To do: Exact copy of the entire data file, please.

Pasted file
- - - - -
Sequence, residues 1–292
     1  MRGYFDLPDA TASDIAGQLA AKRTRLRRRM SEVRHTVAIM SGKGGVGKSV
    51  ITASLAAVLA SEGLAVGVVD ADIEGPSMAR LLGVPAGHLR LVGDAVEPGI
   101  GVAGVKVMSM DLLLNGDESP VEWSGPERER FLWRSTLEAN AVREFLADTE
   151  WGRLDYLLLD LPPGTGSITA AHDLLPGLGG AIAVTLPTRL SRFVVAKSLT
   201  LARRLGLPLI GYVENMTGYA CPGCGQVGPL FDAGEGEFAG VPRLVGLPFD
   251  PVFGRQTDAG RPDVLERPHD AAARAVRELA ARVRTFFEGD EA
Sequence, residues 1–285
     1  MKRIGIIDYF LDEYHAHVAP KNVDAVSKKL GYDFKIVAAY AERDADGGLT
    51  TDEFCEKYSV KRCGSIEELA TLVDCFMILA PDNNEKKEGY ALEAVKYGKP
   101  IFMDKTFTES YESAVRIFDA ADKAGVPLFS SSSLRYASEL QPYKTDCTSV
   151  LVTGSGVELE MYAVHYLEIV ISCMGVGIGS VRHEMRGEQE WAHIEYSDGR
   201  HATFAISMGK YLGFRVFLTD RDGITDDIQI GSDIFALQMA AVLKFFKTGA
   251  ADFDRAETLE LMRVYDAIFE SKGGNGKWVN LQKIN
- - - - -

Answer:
Sequence, residues 1–292
     1  MRGYFDLPDA TASDIAGQLA AKRTRLRRRM SEVRHTVAIM SGKGGVGKSV
    51  ITASLAAVLA SEGLAVGVVD ADIEGPSMAR LLGVPAGHLR LVGDAVEPGI
   101  GVAGVKVMSM DLLLNGDESP VEWSGPERER FLWRSTLEAN AVREFLADTE
   151  WGRLDYLLLD LPPGTGSITA AHDLLPGLGG AIAVTLPTRL SRFVVAKSLT
   201  LARRLGLPLI GYVENMTGYA CPGCGQVGPL FDAGEGEFAG VPRLVGLPFD
   251  PVFGRQTDAG RPDVLERPHD AAARAVRELA ARVRTFFEGD EA
Sequence, residues 1–285
     1  MKRIGIIDYF LDEYHAHVAP KNVDAVSKKL GYDFKIVAAY AERDADGGLT
    51  TDEFCEKYSV KRCGSIEELA TLVDCFMILA PDNNEKKEGY ALEAVKYGKP
   101  IFMDKTFTES YESAVRIFDA ADKAGVPLFS SSSLRYASEL QPYKTDCTSV
   151  LVTGSGVELE MYAVHYLEIV ISCMGVGIGS VRHEMRGEQE WAHIEYSDGR
   201  HATFAISMGK YLGFRVFLTD RDGITDDIQI GSDIFALQMA AVLKFFKTGA
   251  ADFDRAETLE LMRVYDAIFE SKGGNGKWVN LQKIN